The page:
According to the present invention, a mechanical stop member is spaced a sufficient distance from the detecting means so as to make possible the correcting operation for a stepped portion constituting a discontinuity in the side edge of a work piece, while making unnecessary any special improvement or device.

For instance, when the step member is positioned between a stitching point and a drawing member of a feeding control device, the stop member should be located in a control position or on the side closer to a control line within an allowable amount for guiding the work piece to a proper position. However, the buckled edge which is produced results in an increase in the distance between the side edge of the work piece and the stitching point. In addition, the contacting force between the work piece and the stop member due to the aforesaid shifting to the side closer to the control point is increased in proportion to the distance of the work piece to the stitching point, so that the buckling of the edge of the work piece is increased.

Accordingly, when the step member is located further upstream of the drawing member of the feeding control device with respect to the stitching point, the contacting force between the work piece and the stop member is decreased, as compared with the above described case. In addition, when the buckled edge moves out of contact with the engaging surface of the stop member and becomes flat, the detecting means detects the deviation of the side edge toward the side away from the control point, by positioning the stop member on the side away from the control point so as to position the side edge of the work piece on the side away from the control position, whereupon the feeding control device is operated so as to draw the side edge of the work piece toward the control position, whereby the deviation of the side edge due to the presence of a buckled side edge is prevented. However, when the stop member is located to far away from the control position, the desired control of the position of the side edge of the work piece can not be achieved due to the position of the stop member, even though the force for feeding the work piece is increased. In addition, the buckling of the side edge of work piece stems from the contacting force between the work piece and the stop member, so that it is essential to increase the length along which the side edge of the work piece contacts the stop member. This causes the contacting force to be spread out, thereby reducing the tendency of the side edge of the work piece to buckle. However, this only achieves a partial success.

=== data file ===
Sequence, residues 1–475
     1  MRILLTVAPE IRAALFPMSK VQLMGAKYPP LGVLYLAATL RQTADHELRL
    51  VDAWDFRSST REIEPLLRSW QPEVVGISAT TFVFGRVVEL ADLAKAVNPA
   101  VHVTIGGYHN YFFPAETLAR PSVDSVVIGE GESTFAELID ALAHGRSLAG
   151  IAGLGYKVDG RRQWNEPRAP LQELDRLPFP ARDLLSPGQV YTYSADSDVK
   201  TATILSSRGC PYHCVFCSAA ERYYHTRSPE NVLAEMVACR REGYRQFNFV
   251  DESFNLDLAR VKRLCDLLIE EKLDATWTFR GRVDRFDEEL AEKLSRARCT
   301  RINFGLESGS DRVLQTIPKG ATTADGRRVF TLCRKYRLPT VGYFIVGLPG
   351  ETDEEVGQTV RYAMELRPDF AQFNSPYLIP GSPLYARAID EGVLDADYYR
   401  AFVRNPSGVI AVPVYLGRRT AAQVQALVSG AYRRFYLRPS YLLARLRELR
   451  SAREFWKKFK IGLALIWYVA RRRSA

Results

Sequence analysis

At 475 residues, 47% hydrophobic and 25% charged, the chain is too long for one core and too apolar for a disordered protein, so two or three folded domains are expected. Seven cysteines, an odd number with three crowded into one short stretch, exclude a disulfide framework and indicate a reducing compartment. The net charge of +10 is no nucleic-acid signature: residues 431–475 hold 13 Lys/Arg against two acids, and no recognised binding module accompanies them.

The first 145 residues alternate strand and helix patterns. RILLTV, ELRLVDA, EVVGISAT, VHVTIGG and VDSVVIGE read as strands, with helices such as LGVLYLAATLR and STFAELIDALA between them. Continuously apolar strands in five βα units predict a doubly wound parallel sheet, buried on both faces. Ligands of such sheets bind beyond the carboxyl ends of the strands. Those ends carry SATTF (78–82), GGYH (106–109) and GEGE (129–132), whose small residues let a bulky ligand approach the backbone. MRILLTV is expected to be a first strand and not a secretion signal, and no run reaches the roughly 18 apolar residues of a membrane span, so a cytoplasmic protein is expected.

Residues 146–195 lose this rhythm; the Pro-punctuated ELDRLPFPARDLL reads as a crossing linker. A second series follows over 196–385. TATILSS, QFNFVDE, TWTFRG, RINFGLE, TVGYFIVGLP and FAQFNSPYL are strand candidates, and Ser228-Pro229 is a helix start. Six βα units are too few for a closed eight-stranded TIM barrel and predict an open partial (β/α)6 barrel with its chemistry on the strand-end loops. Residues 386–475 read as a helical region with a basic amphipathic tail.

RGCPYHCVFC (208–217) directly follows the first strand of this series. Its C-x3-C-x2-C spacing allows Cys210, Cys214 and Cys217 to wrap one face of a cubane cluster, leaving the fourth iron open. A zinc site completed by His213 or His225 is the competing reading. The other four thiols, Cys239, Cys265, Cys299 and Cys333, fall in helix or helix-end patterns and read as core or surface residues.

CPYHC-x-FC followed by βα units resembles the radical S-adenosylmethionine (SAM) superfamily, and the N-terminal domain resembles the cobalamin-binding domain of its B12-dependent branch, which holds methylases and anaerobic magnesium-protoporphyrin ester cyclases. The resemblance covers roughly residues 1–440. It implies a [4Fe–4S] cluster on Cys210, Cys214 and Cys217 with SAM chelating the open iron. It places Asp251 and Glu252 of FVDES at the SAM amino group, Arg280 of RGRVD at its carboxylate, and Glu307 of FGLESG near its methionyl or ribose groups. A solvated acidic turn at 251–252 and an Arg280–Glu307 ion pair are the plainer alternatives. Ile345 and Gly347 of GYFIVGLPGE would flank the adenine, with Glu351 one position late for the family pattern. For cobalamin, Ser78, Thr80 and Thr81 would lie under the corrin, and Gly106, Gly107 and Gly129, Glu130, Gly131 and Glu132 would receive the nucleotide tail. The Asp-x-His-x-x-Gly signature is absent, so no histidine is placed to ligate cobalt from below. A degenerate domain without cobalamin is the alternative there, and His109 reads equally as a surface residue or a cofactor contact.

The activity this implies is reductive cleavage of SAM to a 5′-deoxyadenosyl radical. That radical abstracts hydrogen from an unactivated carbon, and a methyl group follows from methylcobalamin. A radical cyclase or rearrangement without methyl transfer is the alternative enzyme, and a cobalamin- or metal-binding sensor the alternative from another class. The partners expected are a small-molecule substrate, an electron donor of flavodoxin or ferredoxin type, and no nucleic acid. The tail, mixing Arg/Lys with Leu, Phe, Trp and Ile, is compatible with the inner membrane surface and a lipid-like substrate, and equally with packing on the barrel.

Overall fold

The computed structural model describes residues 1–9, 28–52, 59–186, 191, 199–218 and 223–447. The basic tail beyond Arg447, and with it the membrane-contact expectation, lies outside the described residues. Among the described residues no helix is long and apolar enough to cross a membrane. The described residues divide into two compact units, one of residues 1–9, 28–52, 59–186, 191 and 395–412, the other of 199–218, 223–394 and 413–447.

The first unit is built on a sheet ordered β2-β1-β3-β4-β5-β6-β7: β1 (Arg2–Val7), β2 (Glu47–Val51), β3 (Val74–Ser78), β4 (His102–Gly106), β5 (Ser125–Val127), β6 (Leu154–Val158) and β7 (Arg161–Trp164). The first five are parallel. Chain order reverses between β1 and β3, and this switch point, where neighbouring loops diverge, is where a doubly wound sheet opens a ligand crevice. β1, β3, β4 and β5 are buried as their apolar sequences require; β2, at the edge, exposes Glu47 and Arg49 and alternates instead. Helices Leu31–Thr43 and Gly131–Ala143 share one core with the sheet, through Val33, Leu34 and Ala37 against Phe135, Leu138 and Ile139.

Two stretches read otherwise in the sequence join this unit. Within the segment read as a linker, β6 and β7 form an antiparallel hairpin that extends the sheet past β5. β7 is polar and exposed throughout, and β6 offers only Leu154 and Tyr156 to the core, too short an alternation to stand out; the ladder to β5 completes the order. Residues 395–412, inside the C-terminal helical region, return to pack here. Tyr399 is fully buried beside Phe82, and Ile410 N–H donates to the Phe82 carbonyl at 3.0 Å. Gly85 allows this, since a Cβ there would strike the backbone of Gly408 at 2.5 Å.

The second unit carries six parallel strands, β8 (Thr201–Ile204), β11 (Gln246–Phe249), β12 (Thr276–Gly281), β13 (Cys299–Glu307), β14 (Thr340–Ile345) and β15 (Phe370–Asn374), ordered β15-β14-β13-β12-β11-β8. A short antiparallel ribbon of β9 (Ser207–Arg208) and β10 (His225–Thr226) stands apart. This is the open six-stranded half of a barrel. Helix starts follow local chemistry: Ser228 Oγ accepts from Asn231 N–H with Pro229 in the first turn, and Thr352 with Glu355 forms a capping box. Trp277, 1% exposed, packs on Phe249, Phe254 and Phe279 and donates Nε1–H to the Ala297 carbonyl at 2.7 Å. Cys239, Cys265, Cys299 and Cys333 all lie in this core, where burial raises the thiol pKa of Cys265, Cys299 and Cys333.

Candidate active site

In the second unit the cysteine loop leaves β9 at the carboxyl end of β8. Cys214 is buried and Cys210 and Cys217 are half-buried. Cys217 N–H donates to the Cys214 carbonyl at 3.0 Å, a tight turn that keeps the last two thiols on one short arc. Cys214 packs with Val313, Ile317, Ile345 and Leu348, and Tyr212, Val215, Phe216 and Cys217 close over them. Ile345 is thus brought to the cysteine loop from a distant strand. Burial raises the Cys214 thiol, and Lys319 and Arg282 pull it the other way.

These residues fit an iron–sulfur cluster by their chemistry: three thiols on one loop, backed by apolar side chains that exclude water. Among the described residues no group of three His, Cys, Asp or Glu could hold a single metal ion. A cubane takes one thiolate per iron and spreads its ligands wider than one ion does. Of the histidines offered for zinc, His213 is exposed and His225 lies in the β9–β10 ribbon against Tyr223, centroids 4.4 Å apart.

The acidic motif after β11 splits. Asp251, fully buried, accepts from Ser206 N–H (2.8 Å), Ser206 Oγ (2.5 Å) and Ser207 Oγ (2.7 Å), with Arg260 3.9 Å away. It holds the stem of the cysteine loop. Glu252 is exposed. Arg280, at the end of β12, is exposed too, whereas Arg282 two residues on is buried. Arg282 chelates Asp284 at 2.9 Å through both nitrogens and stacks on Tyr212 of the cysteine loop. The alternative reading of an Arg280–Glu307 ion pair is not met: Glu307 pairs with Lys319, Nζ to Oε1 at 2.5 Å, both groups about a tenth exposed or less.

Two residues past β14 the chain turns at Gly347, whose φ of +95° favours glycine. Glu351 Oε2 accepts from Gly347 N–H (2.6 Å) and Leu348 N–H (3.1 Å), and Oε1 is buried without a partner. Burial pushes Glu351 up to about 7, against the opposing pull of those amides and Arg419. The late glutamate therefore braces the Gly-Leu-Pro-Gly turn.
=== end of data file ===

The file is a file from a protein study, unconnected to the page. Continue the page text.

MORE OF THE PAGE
In addition, because the work piece engaging surface of the stop member is spaced upstream from the stitching point, the side edge of the work piece tends to shift closer to the control point due to a force acting on the work piece between the stitching point and the engaging surface of the stop member in the direction towards to the control point. For preventing this, it is essential to provide a second stop member in the control position or in a position closer to the control point between the stitching point and the drawing member of the feeding control device. In addition, when the side edge of the work piece contacts the stop member, the frictional force on the work piece is stronger when it is in a buckled condition than when it is in the flat condition, so that it is preferable to provide a clearance to flatten a buckled side edge which has been produced by the contact of the work piece with the first stop member between the engaging surface of the first stop member and the engaging surface of the second stop member. The first and second stop members may be provided separately, but may be integral with each other.

According to the present invention, the engaging surface i.e., contacting portion of the stop member is located upstream of the feeding control device with respect to the stitching point, so that even if the buckled side edge is produced at the engaging surface of the stop member, the buckled side edge becomes flattened by the time it at the detecting means, so that the side edge will be positioned on the side away from the control point or in the control position. As a result, an error in the stitching line due to a buckled side edge can be prevented.